On September 26,2017, a federal jury in Waco, Texas rendered a unanimous verdict for a deserving O’Brien Law Firm client, awarding her $25,000 for thousands of hours of overtime that she worked nights and weekends over almost 3 years’ time. The amount the jury awarded her was a little more than the amount of overtime […]Read More
Protecting Employees and Job Applicants Age 40 and Older
First – know that age discrimination laws only cover employees that are 40 years of age or older. If you are 39 or younger, the law doesn’t protect you against age discrimination.
With that said, if you are 40 years of age or older, you are protected against age discrimination by federal and Texas state law. The federal Age Discrimination in Employment Act of 1967 (ADEA) protects certain applicants and employees 40 years of age and older from discrimination on the basis of age in hiring, promotion, discharge, compensation, or terms, conditions or privileges of employment. Texas law generally matches that protection. The primary difference between the federal and state laws, as they are specifically worded, is that the ADEA only covers employers with 20 or more employees. Texas law covers employers with 15 or more employees.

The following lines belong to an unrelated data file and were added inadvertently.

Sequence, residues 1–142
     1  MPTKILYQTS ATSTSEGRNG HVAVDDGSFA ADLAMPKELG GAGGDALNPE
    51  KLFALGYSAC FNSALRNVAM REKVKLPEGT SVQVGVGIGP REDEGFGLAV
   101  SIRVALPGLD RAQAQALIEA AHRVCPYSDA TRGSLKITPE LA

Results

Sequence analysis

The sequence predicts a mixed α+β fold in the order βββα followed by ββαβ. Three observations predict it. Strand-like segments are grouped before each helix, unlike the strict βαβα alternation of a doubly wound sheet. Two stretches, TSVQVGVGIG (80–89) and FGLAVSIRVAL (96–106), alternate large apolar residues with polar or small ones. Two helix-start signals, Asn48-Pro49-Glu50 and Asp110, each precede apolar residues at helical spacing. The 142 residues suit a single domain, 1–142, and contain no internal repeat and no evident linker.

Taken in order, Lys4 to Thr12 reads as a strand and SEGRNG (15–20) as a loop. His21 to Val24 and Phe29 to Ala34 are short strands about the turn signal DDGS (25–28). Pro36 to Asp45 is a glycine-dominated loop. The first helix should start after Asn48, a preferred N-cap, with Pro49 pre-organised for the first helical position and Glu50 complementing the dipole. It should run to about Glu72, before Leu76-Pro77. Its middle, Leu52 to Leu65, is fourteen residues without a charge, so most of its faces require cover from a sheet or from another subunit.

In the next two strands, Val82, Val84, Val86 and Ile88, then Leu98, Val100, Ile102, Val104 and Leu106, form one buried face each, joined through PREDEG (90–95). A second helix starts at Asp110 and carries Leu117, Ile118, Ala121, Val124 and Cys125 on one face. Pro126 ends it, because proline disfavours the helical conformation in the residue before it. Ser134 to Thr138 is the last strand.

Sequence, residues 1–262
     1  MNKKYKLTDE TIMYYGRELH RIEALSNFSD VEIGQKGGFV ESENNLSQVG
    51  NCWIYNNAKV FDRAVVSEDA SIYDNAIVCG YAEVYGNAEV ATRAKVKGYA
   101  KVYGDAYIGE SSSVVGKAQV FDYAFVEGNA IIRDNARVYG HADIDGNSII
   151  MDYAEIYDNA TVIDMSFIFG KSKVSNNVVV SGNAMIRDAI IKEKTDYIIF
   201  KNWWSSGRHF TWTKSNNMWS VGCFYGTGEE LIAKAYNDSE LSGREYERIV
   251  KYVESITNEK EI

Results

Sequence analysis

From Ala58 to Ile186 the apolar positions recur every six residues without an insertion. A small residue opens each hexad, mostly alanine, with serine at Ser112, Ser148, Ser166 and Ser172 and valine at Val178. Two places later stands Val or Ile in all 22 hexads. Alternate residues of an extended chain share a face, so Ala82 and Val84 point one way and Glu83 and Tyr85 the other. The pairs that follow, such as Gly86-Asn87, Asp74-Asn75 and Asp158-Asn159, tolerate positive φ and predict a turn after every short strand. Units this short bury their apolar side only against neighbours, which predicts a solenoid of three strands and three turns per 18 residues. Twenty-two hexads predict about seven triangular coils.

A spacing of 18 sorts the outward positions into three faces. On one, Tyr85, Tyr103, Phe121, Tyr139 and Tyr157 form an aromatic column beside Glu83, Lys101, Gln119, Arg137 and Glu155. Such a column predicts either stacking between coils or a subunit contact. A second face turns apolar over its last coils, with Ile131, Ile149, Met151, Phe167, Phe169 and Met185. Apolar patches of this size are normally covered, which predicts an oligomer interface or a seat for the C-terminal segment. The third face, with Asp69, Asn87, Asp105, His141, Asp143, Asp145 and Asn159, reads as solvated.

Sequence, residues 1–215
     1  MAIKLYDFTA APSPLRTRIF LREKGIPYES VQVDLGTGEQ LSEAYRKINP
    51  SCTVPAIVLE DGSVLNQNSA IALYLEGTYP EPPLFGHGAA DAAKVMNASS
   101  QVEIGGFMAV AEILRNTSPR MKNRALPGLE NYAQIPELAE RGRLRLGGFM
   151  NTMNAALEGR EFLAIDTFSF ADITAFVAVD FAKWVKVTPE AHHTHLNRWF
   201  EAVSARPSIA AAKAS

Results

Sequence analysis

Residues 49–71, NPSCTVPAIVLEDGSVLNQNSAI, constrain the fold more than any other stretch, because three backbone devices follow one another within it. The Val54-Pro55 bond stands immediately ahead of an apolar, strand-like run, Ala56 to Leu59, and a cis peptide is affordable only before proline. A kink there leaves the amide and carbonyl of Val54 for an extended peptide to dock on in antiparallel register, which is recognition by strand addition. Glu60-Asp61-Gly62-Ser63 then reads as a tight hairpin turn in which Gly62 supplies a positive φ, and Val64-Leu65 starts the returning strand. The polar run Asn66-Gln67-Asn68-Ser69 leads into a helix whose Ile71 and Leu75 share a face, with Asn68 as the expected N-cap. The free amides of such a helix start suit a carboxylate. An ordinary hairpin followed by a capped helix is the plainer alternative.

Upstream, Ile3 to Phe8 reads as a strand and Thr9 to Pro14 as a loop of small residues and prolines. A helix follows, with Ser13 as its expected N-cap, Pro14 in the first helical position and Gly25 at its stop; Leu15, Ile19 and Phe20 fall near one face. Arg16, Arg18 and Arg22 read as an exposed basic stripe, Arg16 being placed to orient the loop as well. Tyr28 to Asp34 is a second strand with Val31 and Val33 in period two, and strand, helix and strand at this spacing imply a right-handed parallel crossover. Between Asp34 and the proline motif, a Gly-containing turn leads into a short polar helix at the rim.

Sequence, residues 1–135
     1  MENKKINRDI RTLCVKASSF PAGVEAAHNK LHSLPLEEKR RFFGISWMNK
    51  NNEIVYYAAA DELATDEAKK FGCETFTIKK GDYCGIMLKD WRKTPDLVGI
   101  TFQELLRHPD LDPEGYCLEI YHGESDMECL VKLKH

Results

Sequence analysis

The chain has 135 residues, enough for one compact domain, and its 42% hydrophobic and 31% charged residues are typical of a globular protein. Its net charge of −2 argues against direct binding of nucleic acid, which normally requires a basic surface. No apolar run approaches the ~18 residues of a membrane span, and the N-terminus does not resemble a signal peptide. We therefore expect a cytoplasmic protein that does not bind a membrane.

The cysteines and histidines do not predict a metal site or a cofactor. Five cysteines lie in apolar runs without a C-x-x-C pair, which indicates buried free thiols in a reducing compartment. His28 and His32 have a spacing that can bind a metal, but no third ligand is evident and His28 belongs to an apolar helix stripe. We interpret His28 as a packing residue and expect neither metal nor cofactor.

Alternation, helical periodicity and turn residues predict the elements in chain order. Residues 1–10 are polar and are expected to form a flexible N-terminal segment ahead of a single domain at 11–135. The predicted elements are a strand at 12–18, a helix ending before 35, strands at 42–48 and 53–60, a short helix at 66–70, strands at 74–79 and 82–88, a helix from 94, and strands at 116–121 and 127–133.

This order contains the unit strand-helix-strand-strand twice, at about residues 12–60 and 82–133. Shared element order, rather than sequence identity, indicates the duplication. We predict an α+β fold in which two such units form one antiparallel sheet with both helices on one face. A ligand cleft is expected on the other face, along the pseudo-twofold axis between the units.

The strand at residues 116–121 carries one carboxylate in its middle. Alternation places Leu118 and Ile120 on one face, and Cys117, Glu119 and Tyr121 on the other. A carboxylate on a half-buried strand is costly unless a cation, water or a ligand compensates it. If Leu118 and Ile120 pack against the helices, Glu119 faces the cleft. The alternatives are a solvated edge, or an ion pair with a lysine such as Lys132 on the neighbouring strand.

Age discrimination is not uncommon. It can come from perceptions that an older employee is no longer “useful” as they get older. It can be more prevalent in certain industries, such as tech companies or labor-intensive positions. It’s not uncommon for some tech managers and executives to push for hiring new engineering graduates who can be hired more cheaply and are perceived as more “pliable” to the company’s demands and expectations — such as the demand to work excessively long hours. Some employers may have the opinion that “it’s time for you to move on” because of your age, even when it’s not affecting your work ability or production. Some companies or industries may try to skew toward hiring younger workers for appearance purposes, like tech retail sales. Here at the O’Brien Law Firm, we’ve seen it all.